1. The appellant, plaintiff brought this suit to recover money lent under a usufructuary-mortgage deed, Ex. A, and a subsequent mortgage deed, Ex. C. He also sought to include in the mortgage money, the rent due under a lease Ex. B. His claim was made not only against the karnavan of the tavazhi of Defendants 1 to 16, but also against the properties of the tavazhi. The members of the defendant's tavazhi and the other members of the tarwad entered into a, karar in 1914 under which certain debts were allotted to the several tavazhis and power was given to charge the tavazhi properties with the repayment of those debts, but it was expressly forbidden to charge the tavazhi properties with any further debt. Rs. 3,000 was thus allotted to the tavazhi of Defendants 1 to 16 and they were authorised to borrow money to pay off the debt, but it was expressly provided that they should not borrow for the interest thereon, which interest had to be paid out of the current income. If it became necessary to borrow, all the adult members were to join in borrowing and if they did not do so, the debt would not be binding on the tavazhi properties. When the plaintiff entered into the plaint transactions, he was fully aware of the terms of the karar and knew, therefore, that unless all the adult members of the tavazhi joined in borrowing, the loan would not be binding on the tavazhi properties except in respect of the Rs. 3,000 mentioned in the karar. At that time there were 6 adult members of the tavazhi, i.e., Defendants 1 to 6 first defendant being the karnavan. Accordingly Ex. A. was executed by Defendants 1 and 4 on 30-4-1914 for a sum of Rs. 3,000 and in order that interest should not accrue on this sum, 29 out of 46 items of property mortgaged were put into the possession of the plaintiff mortgagee so that out of the proceeds he could repay himself the interest due. On the same date as Ex. A, the plaintiff re-transferred the 29 properties to the mortgagors stipulating for payment of a rent of Rs. 225 the equivalent of the interest on the Rs. 3,000 borrowed under Ex. A. This lease, Ex. B. was for one year only and it provides that the rent due under it should be a charge on the tarwad property. These two documents Exs. A and B were executed by Defendants 1 and 4, the karnavan of the tavazhi and the eldest female member. They were also attested by two other male members.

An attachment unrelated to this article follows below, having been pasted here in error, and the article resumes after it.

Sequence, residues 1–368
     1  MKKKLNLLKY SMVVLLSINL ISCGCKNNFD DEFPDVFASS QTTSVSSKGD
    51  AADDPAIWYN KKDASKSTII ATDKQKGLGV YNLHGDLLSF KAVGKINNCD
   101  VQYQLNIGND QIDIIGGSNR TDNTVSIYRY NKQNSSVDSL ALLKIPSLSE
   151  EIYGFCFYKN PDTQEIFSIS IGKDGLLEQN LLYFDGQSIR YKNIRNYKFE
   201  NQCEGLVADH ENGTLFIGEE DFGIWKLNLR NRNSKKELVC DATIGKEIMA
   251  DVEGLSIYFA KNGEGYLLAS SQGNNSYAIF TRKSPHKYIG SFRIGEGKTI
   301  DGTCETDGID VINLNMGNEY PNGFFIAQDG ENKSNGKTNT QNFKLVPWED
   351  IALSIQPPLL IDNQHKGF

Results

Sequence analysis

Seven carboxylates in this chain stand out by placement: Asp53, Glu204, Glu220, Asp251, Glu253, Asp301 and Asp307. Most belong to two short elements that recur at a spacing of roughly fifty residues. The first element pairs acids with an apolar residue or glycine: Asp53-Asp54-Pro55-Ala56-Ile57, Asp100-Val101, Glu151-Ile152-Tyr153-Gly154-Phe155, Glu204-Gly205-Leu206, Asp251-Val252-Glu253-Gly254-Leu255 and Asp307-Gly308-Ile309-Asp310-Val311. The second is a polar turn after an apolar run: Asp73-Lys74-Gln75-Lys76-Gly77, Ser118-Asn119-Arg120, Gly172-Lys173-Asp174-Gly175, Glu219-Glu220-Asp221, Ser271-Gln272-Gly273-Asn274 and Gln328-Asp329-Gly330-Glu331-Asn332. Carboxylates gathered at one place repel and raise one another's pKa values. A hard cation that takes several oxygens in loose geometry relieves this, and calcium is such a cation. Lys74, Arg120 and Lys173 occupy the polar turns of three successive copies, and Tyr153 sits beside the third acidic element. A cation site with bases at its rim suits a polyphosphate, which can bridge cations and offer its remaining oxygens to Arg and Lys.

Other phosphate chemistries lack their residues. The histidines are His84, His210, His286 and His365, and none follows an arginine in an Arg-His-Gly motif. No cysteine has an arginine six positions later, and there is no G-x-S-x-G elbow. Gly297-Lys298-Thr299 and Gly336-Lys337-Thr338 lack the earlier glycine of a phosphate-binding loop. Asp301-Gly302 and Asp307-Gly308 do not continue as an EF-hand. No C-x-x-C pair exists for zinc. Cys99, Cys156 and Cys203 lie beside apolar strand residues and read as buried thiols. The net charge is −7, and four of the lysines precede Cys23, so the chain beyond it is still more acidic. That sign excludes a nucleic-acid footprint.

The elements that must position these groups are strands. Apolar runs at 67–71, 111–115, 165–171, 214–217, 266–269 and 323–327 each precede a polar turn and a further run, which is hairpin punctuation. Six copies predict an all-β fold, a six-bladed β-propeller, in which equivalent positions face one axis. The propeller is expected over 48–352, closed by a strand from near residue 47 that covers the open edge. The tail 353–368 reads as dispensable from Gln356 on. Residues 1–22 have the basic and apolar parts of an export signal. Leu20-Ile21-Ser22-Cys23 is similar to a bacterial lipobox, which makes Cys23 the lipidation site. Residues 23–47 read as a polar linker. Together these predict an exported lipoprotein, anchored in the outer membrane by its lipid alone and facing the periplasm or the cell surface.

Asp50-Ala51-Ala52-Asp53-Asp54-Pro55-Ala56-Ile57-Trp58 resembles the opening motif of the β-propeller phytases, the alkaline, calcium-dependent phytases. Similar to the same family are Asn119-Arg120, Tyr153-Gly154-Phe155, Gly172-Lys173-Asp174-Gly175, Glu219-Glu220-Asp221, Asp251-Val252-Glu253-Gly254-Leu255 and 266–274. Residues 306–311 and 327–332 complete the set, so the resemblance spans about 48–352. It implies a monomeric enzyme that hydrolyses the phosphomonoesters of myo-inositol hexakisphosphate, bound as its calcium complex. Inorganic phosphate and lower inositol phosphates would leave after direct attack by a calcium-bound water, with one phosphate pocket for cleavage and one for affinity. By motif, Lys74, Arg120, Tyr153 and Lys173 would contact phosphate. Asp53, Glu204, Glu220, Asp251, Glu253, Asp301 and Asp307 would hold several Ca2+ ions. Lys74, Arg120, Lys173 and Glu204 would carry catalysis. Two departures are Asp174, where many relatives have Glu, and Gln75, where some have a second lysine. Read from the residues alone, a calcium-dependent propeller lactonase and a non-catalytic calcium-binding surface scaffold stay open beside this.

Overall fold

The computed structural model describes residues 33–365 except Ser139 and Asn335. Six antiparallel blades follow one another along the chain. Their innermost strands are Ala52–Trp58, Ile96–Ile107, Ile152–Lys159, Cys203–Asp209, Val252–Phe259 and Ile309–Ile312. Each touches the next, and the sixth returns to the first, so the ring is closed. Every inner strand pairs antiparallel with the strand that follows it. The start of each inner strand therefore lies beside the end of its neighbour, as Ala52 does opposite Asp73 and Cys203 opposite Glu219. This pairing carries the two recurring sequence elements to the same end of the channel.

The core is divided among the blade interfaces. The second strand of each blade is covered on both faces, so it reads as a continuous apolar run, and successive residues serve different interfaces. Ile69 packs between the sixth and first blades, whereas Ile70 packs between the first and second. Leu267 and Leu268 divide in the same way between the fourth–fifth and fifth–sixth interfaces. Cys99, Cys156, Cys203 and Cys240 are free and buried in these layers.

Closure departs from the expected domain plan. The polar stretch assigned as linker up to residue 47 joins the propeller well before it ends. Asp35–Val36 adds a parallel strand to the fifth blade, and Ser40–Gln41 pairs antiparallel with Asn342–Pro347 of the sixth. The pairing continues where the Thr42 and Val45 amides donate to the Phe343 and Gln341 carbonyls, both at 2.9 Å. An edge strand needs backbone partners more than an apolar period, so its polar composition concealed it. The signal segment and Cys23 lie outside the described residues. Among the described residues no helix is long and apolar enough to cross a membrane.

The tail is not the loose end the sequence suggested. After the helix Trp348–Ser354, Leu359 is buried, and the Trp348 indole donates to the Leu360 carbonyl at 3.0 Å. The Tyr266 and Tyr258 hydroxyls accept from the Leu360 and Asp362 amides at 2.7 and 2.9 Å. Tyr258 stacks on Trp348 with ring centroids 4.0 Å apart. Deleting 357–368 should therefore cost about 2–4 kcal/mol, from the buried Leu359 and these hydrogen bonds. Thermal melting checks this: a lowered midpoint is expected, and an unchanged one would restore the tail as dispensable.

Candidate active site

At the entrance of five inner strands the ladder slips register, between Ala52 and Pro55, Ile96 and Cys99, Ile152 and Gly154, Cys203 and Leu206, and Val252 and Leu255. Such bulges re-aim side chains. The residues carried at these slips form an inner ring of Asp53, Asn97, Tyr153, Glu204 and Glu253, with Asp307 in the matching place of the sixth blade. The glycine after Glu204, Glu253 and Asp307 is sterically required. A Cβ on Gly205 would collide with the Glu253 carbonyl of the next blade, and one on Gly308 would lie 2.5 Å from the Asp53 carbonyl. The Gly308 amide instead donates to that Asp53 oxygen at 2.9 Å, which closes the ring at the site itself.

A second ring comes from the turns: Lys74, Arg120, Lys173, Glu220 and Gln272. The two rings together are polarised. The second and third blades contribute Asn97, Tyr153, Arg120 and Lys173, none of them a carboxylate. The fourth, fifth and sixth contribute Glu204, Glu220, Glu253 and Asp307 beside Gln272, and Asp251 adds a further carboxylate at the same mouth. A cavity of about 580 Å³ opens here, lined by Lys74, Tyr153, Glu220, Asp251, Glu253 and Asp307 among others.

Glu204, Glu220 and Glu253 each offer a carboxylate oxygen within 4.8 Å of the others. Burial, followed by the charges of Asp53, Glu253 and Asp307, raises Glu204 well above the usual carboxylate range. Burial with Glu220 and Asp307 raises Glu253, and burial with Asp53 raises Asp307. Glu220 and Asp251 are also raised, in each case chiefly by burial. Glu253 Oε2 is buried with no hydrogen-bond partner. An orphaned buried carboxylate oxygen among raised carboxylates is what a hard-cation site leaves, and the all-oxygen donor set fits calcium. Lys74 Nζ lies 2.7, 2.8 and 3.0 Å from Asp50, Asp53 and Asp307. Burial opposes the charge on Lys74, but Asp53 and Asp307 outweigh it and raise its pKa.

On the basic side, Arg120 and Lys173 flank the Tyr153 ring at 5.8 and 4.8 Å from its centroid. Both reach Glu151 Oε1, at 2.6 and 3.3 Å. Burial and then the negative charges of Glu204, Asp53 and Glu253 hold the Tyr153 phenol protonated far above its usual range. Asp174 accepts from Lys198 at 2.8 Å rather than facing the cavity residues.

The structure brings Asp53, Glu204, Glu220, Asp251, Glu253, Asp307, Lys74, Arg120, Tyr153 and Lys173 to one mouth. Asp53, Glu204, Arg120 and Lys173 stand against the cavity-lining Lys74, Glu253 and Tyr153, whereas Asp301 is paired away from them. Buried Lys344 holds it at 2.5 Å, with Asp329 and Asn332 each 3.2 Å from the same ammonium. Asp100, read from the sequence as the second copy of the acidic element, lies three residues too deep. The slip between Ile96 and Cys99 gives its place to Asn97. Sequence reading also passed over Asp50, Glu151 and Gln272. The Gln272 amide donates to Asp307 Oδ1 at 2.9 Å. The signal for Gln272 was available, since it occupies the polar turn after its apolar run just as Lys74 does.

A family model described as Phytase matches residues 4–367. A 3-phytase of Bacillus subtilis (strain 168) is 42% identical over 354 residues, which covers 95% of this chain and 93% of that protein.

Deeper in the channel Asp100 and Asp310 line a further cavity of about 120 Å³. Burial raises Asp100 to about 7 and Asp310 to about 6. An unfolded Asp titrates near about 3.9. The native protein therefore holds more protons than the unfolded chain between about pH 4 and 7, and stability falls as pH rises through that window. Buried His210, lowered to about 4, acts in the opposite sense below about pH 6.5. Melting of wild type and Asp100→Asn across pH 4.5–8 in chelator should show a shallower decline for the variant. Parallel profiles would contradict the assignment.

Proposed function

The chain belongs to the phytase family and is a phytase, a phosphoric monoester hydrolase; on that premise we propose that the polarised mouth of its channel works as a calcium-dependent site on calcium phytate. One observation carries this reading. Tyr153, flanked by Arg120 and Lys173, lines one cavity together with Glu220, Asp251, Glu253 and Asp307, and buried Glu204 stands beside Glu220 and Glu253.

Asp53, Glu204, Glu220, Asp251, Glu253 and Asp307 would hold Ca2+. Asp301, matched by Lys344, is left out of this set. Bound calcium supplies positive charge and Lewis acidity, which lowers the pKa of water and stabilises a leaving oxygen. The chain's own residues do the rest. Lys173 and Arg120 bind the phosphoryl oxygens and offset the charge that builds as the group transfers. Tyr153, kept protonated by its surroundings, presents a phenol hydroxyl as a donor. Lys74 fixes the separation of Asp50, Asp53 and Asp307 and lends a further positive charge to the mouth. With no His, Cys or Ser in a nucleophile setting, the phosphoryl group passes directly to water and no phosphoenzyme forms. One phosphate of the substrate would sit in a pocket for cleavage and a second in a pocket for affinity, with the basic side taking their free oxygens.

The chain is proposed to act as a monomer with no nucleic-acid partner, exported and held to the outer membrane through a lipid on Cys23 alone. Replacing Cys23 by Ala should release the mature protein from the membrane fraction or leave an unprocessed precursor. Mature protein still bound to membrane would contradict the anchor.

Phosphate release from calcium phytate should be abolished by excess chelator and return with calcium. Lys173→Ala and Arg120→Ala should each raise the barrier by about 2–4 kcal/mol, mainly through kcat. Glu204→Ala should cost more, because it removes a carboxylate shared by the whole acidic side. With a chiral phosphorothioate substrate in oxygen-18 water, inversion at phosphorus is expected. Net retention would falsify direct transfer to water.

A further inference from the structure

2. So far as Ex. A is concerned it cannot be disputed that it is binding on the tavazhi property, for it is executed for tavazhi necessity by the karnavan and it is within the karnavan's powers under the family karar. The charge for rent accrued under Ex. B cannot, however, be binding upon the tavazhi properties. In the first place the only rent which has been charged on the property is one year's rent from Kumbam 1090, and it is admitted that that year's rent has been paid.